Stepping Back – Remembering

By the time Mark arrived home, Rachel had written three separate pieces, spell-checked them and edited them before sending them off to Tony.  Half an hour later she received a very happy email advising her that she had scooped Sam yet again, and that numerous colleagues in the office were still laughing about his beach escapade and subsequent rescue.  The longest of the three pieces was about Lou and Pete; Tony had promised to sit on that one until the funeral had taken place, in order to give the people of the Village the opportunity to pay their last respects without any outside interference. News travels fast on the police network and Mark already knew about the arrest of the D-H boys.  He had texted Rachel earlier to let her know that the boys were being bailed but to their school address rather than home, so there would be no more hassle from them for now. He didn’t ask her if she was okay, because he knew that she would be, and didn’t want her to think that he was being patronising.  He did put several ‘x’s’ at the end however, which made Rachel smile and type a little bit faster.

She changed out of the lilac dress into a pair of the short pyjamas bought on her shopping trip with Lou and the girls, and was settled on the sofa with a fed and dozing Pluto, when Mark came back.  Pluto jumped to his feet when he heard the sound of Mark’s key in the door, and was waiting in the hallway with his tail wagging happily.  Rachel decided to stay where she was until Pluto had finished his welcoming, and Mark had washed the affectionate slobber from his face and hands.

He sat down next to her on the sofa and took one of her hands in his. “It’s been a hell of a couple of days, hasn’t it?”

Rachel nodded and leaned her head against his shoulder with a sigh. “We’ve got through it though, all of us.” she said.  “Except poor Pete.  Even now I can’t hate him; I’d rather remember him as he was in the old days when we all used to hang around the Quay.  Perhaps that’s just as well; I haven’t discussed the funeral with Lou yet. Jeff and the lads have already raised a fair sum courtesy of Sam’s payments, but it will take more than that to giver him a good send off. Lou’s the only family I’ve ever had; I’d like the girls to have a memory of what Pete used to be like.  He was so funny and lively in those days, and it was only when he got into debt that he had to turn to other means of making money.”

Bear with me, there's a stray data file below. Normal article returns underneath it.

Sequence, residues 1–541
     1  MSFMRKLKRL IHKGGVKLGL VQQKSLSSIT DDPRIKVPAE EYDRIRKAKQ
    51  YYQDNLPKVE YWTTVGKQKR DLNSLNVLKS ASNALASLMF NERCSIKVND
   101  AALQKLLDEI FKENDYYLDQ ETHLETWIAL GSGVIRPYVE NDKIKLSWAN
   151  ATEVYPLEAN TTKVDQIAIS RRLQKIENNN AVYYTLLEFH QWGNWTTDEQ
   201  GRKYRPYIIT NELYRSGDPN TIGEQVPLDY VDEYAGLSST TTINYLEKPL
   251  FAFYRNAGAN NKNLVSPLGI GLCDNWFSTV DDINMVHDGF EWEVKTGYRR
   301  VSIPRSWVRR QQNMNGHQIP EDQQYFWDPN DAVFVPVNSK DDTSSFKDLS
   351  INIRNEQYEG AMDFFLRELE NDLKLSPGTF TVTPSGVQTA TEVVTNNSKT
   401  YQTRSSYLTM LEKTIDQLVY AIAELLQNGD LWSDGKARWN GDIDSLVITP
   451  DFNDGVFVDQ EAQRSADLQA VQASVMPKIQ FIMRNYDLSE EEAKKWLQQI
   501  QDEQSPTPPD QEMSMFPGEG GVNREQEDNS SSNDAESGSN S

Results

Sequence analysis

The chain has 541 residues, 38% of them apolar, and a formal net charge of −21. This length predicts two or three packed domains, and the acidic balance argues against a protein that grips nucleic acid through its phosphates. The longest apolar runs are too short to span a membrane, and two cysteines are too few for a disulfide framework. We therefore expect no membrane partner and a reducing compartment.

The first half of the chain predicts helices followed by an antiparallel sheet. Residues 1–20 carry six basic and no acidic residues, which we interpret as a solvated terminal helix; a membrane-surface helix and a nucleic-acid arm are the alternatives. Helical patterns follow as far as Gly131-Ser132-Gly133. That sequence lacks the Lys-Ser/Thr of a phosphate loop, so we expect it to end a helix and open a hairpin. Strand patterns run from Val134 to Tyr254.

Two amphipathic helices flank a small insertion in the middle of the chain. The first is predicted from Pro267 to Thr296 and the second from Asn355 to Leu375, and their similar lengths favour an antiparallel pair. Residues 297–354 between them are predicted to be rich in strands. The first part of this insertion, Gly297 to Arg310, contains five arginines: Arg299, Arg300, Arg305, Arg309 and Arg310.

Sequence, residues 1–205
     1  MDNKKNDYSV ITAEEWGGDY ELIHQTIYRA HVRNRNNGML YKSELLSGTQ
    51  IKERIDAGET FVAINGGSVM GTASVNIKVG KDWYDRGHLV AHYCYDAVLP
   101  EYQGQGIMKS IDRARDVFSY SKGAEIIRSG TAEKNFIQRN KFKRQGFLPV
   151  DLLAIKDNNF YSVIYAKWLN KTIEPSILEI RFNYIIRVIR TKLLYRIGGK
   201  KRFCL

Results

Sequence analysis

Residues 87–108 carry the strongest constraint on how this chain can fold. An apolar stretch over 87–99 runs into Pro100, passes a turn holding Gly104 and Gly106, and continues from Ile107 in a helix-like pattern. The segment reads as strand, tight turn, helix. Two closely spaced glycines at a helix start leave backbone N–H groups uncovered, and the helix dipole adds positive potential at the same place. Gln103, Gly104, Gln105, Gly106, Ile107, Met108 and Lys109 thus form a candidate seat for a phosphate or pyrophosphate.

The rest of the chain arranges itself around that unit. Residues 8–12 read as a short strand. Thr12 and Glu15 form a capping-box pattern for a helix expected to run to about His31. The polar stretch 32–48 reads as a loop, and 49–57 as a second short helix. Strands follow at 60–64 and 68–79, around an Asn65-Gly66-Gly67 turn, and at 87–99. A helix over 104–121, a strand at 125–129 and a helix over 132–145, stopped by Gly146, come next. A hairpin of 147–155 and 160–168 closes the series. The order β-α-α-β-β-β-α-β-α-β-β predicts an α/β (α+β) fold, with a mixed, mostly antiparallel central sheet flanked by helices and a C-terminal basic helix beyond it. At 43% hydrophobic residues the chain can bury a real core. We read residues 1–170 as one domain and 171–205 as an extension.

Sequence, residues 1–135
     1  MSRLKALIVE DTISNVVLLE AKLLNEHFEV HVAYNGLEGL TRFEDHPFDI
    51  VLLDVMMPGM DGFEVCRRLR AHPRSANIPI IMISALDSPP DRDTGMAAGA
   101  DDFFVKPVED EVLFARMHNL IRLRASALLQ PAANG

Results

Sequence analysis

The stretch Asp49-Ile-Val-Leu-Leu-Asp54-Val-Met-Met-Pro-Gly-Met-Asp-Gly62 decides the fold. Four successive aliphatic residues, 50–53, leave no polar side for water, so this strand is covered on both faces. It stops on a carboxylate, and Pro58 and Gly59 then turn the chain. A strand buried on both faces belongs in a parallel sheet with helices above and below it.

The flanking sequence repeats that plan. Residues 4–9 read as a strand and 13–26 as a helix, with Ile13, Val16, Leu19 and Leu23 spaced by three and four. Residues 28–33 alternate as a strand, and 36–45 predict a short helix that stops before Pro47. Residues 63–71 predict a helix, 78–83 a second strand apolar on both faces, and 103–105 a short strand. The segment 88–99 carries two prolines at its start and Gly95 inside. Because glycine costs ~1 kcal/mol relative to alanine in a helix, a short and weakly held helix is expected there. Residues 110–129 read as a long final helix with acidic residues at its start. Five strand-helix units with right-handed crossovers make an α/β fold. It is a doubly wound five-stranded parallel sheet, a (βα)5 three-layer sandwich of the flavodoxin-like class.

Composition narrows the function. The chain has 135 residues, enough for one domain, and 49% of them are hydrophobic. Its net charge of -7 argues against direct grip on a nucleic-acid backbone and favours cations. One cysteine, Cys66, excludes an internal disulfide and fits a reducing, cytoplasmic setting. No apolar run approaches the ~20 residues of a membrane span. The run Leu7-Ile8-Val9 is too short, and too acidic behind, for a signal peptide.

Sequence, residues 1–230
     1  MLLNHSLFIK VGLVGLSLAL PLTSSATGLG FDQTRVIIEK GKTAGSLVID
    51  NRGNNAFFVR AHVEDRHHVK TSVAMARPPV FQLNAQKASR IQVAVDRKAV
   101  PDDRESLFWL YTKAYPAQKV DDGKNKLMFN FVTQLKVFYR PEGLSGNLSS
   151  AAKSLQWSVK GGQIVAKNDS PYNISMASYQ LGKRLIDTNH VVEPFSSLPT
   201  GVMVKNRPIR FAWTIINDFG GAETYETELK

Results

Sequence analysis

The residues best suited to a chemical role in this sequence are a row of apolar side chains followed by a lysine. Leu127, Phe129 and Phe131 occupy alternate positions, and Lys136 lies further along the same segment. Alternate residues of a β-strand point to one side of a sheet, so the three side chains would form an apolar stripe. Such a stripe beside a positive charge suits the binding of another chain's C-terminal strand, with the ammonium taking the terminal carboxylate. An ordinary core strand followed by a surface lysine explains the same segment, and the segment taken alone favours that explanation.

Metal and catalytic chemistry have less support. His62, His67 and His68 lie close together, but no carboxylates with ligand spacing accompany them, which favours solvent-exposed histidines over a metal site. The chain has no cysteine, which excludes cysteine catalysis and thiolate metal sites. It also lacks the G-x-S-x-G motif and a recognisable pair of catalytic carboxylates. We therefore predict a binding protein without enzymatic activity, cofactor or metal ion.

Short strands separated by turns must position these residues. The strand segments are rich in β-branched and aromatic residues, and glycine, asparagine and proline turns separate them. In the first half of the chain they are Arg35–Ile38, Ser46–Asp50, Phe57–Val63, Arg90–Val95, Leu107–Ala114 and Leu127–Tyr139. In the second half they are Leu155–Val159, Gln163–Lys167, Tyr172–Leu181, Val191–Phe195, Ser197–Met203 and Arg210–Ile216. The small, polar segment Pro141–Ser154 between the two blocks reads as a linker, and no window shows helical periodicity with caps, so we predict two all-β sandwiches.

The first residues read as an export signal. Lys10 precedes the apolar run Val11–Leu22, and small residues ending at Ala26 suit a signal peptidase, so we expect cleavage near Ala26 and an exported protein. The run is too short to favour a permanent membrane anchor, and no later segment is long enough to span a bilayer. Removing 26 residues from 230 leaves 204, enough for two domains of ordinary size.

Rachel was aware that at some point during the conversation, Mark’s other arm had encircled her shoulders and she liked the feeling very much. She smiled as another thought of the day occurred to her. “I bet Sam was really fed up about being arrested and sent back to London on the train.”

Mark nodded and grinned. “He was not happy at all.  I had to supervise his phone calls.  Interesting though, that he called your editor first to say that you had sabotaged his attempts to get his story. Judging from his response, that didn’t go as planned because he slammed the phone down.  The call to his girlfriend was totally different.  He was SO apologetic and almost grovelling to her, but when he came off the phone he was smirking.  I’m sorry Rachel but I had to walk away from him or I’d have punched him.  Hard.”

“Why are you apologising?  Perhaps if I’d had the courage to stand up to him, we would never have stayed together.  I was beginning to understand what was wrong with our relationship, but this has made me see him for what he really is.  An arrogant little bully.”

Mark held his breath for a moment, considering what he wanted to say against what he thought he ought to say. “What happens next?”

“I’m starving.  I was waiting for you to come home before I started cooking anything.  Mrs K has left the makings of a Shepherd’s pie in the kitchen.  It would probably take me about half an hour to knock up, especially if you peel the potatoes for me?”